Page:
Sunday, July 1, 2012

More Work

Ashke has completely settled into our routine. He whinnies loudly when he hears my voice in the stable. He gives me kisses through the bars and nickers softly when I enter his stall. He sticks his head in the halter and walks easily and comfortably into the grooming stall. He leans into the curry comb and ducks his head to have his forelock brushed. He lifts his feet to have them cleaned. The saddle and pad has fitted itself to his back and tightening it is no longer a fight. He ducks his head and opens his mouth for the bit. He has no problem with his ears or his tail. He stands comfortably for fly spray. Not bad for three months.

Nicole at the barn today said it takes about a year for a horse and new rider to really bond. I feel like Ashke and I already have. J thinks that we were both at a point where the bonding didn't take that long, primarily because we both needed each other so much. I think, and J agrees, that we have applied as much consistency to our relationship with him as was humanly possible. And it has produced the above listed results.

Today, after we progressed through our grooming and tacking up, we went four times around the outdoor arena. It was already incredibly hot. (Today is the 1st of July and we have already had a bunch of days over 90. July is really going to suck.) After we had walked we made our way into the round pen and set up the reins. Ashke is worked with tension on the reins to encourage him to lower his head and engage his back and butt. After doing research on tying up and then discussing everything I found with J, I am going to follow this work out regime until the heat breaks. At that point, I am hoping his back and butt has developed additional strength, making it easier for him to work under saddle.


Ashke can be worked at a trot almost as soon as he is settled into the round pen. We do eight circles in each direction at the trot, with a stop and love in between directions.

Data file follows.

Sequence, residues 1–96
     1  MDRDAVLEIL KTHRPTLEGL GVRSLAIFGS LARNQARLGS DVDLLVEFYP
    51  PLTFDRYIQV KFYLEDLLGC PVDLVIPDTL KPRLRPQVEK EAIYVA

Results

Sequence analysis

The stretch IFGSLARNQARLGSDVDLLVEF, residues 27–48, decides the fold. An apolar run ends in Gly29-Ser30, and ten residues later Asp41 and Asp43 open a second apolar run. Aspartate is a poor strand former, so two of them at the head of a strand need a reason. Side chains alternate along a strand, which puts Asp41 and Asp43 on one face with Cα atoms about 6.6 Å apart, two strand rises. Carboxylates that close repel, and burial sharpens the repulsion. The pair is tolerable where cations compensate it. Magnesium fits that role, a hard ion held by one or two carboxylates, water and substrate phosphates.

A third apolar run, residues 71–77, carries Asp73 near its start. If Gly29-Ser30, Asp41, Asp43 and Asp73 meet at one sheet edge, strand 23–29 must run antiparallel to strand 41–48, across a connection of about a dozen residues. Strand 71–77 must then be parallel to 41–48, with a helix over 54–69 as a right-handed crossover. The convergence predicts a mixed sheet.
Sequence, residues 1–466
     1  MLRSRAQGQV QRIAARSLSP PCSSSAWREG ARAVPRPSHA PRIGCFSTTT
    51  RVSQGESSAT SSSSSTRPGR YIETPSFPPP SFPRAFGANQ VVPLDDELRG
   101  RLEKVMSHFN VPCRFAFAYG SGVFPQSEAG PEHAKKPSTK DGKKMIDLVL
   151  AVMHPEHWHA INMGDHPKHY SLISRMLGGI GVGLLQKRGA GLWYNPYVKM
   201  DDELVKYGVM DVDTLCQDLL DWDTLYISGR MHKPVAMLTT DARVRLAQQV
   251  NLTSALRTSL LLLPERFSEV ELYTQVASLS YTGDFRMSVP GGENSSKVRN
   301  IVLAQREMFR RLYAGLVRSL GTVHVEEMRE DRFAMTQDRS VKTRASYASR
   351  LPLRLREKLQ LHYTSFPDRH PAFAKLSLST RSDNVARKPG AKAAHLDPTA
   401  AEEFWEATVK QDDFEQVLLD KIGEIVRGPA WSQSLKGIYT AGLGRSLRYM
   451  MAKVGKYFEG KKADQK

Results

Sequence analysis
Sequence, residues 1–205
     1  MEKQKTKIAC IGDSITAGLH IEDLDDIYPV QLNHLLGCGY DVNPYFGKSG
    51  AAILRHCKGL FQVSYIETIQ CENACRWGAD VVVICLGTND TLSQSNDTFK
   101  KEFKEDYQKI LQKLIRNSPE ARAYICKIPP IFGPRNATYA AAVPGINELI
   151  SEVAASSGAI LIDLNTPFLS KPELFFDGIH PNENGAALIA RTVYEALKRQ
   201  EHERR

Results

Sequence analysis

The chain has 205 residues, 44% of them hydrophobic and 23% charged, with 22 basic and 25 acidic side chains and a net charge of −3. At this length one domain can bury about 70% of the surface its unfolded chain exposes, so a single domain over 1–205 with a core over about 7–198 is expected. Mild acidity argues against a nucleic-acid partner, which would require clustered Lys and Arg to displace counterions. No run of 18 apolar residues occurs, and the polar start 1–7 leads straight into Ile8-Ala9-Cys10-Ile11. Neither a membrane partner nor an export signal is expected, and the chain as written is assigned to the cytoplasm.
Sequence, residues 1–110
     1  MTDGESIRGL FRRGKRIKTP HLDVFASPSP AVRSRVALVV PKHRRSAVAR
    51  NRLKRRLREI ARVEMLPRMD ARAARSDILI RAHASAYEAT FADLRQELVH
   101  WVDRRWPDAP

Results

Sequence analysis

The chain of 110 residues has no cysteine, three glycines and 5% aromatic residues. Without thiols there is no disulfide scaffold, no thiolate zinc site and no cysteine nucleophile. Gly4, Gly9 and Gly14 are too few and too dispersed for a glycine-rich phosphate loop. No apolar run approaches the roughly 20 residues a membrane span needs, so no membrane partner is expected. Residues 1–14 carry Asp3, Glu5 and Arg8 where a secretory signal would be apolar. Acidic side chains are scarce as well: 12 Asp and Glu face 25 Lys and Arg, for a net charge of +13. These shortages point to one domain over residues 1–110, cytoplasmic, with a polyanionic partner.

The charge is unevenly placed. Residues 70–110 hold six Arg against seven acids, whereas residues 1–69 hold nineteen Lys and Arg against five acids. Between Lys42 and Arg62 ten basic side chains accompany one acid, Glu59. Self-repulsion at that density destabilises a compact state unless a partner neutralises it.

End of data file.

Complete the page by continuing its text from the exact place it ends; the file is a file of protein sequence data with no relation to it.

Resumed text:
The reins aren't incredibly tight, just enough to remind him to lower his nose when he is working. He is no longer afraid of the whip, but he is respectful of my request to move forward.


You can see from how close the front foot is to the hind foot when he is trotting, that he isn't breaking over quick enough. Hopefully, the next trim will shorten the toe enough that he will be able to move his feet out of the way a little bit quicker.


Again, this picture demonstrates how incredibly close they are coming. I can hear them clicking on each other as he moves.


He stops when I ask "Whoa" and is relaxed when I walk up to him. I flip the whip around in my hand so that it is trailing behind me so he understands that I'm not trying to get him to go forward.


I love that he isn't afraid of me and understands that when we are working, I get to decide what we are doing. Sometimes when I ask him for a faster pace he will throw up his head, but for the most part, he is willing to do what I ask. It is a real change from when we first started this lunging process five or six weeks ago. At that time he would flip his tail, buck, kick out and toss his head in protest. All of that has been worked away.


At the canter, carrying his head in a comfortable position, moving easily and at a rocking horse gait.


Mane flying in time with his stride. He moved well in both directions.


Ashke will decide he shouldn't have to continue at a canter and move himself to a trot, which means I have to chase him a little bit to get him to go. Not nearly as much as I used to, however. You can see he is carrying his head down and using his haunches to propel himself forward. 


After our workout, we walked around the outside of the big arena twice, untacked and rinsed off. Then I let him graze a little while before putting him away. I didn't even need to tie him in the wash rack. Slowly, but surely, we are building trust and understanding. Fueled by consistency and apples and carrots.

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